Let us start by considering what should be the properties of an idealized starvation-free algorithm for  mutual exclusion, with loads and stores, that works between N threads, under the C11/C++1x memory model.
Two distinct behaviors should be analyzed, namely, what happens when under high contention, where all N threads are concurrently competing for the lock, and what happens under low contention, when a single thread is attempting to acquire the lock.

For the high contention case, on the lock() method, an ideal algorithm should do local spinning on its own cache line when waiting for the current thread to release the lock, and then immediately enter the critical section.
Ideally, before it enters the spinning loop, the thread can spend some time reaching a consensus with the other waiting threads to order themselves relative to each other (there are usually N-1 waiting threads in this high contention scenario), so that later they don't waste time reaching consensus on which one is the next to get the lock.
By doing the relative ordering of the waiting threads, the algorithm gains time because otherwise, the waiting threads would just be spinning waiting for the lock to be released.

On the unlock() side, as soon as the critical section is over, it should write in the variable that the next thread is waiting on, and this way, pass the lock to the next thread. After doing this, the thread
previously holding the lock may still do other work, for example, to reset some variables back to their default state.

A template of what the pseudo-code would look like for a mutual exclusion lock algorithm that works well under high contention can be seen below:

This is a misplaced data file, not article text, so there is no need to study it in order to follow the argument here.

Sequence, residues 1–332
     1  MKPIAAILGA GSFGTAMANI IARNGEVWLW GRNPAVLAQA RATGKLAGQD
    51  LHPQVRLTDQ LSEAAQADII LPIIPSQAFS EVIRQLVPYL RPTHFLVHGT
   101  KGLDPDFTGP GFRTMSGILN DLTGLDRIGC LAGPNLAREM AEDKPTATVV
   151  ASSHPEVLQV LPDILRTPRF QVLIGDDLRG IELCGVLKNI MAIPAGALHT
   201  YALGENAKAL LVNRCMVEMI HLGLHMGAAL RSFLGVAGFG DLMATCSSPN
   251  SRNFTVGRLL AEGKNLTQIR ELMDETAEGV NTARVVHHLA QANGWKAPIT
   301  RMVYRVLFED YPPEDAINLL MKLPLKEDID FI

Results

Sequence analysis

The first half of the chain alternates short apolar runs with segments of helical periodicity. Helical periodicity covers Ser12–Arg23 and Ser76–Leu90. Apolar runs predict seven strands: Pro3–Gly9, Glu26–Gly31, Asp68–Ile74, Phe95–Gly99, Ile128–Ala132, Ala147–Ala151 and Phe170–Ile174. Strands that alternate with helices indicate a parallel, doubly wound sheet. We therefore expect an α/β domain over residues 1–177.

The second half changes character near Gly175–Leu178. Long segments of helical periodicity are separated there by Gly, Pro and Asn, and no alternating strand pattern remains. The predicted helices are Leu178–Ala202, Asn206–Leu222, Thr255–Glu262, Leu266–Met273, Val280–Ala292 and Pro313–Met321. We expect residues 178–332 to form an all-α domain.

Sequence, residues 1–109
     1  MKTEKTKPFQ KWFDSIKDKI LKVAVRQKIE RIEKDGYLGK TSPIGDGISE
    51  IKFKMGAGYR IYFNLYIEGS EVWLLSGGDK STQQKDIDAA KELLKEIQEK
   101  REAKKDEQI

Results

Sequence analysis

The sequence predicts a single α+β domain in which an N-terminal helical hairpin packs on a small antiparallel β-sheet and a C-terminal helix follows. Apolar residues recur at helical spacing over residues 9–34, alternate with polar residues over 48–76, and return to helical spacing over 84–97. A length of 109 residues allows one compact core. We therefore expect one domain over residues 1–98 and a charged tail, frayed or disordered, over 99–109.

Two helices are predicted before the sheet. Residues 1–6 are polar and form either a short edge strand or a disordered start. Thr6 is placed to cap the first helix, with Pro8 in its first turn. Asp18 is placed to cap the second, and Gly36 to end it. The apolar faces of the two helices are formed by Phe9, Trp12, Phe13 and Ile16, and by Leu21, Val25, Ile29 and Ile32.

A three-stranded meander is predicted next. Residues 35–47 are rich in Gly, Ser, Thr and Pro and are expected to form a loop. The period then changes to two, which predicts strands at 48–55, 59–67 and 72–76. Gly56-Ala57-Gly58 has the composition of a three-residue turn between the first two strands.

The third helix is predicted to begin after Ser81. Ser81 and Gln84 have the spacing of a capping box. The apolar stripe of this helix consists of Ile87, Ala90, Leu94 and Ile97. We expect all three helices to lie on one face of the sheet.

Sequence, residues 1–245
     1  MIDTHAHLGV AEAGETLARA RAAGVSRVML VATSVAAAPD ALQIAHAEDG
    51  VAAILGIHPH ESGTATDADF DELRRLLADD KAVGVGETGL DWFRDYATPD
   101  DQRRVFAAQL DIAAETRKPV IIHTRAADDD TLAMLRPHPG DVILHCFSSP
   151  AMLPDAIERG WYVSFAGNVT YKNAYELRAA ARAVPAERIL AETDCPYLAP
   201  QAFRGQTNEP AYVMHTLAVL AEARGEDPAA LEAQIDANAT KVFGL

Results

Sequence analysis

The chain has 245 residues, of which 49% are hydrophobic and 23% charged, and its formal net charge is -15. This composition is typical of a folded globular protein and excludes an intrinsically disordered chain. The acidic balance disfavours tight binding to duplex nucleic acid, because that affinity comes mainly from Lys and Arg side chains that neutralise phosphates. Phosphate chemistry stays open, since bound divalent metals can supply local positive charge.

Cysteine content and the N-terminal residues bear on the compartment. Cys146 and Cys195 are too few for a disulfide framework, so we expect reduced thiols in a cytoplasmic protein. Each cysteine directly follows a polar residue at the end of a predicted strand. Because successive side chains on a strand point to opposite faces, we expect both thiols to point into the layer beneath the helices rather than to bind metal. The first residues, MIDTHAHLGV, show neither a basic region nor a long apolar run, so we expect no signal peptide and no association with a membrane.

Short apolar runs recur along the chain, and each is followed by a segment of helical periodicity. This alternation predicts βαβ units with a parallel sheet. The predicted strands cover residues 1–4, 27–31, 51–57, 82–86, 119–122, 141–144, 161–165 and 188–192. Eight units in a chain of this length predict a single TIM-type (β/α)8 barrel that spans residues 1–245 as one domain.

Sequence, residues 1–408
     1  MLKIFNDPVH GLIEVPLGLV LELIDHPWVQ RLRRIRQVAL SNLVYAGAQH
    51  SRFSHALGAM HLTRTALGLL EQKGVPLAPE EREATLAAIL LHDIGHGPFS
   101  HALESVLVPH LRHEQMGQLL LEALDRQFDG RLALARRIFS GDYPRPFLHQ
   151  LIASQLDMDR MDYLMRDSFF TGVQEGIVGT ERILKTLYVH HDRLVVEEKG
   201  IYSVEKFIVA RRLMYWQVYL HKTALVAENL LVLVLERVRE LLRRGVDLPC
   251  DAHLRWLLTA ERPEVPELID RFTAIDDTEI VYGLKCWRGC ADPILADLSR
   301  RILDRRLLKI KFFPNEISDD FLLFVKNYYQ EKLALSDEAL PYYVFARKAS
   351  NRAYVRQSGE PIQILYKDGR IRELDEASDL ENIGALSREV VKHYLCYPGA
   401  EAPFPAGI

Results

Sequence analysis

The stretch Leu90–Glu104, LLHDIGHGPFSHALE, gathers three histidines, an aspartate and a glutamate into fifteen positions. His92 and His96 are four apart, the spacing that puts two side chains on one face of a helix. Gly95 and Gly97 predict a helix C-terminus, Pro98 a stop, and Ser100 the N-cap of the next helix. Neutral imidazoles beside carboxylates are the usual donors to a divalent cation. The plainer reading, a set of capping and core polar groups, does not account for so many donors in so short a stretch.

void lock()
    while (atomic_load(&localSpinVariable) != MINE) Pause();
    // Enter Critical Section immediately

void unlock()
    // The next thread is waiting on that variable

For the low contention case, on the lock() method, the ideal algorithm should spend as little time as possible, so as to provide a maximum throughput when a single thread is continuously acquiring and releasing the lock, without any contention from other threads. This means the algorithm should provide a quick way to determine if there are other threads contending for the lock or already holding the lock, and if possible, do a single store to make the intent of acquiring the lock visible to other threads.
Under the C11/C++1x memory model, making the intent to acquire the lock visible to other threads, can be done with a single call to atomic_store(), and determining that there are no other threads contending on the lock requires (at least) anywhere from log2(N-1) (in the case of tournament-based algorithms), to N-1  atomic_load() calls (in the case of array-based algorithms).
Notice that although multiple loads may be required to confirm that the thread is alone in its intent to acquire the load, a single acquire-load is needed, along with a full barrier (acquire and release) at the end of the scan of the states of the remaning threads.

On the unlock() side, the goal is similarly to provide a maximum throughput and, as such, use the minimum possible number of stores and loads. At least one store is always required, i.e. the one that resets/changes the state of the current thread back to its default value of no longer holding the lock or attempting to do so.
A template for a lock that would work well under a low contention scenario can be seen below:

void lock()
    atomic_store(&mystate, WantIn);
    // This is the "fast path"
    if (noOtherThreadsAttemptingToAcquireLock()) return;
    // This is the "slow path"

void unlock()
    atomic_store(&mystate, DontWantIn);

The main conclusion from this analysis is that for the high contention case, an algorithm needs to be able to pass the lock to the next waiting thread as fast as possible, preferably with just one atomic_store(), while for the low contention case, an algorithm should be able to enter the critical section with just one atomic_store() and at most N-1 calls to atomic_load(), and then release the lock, preferably with just one atomic_store().

So what is this all about? In the next post we will go into practical examples of these ideas.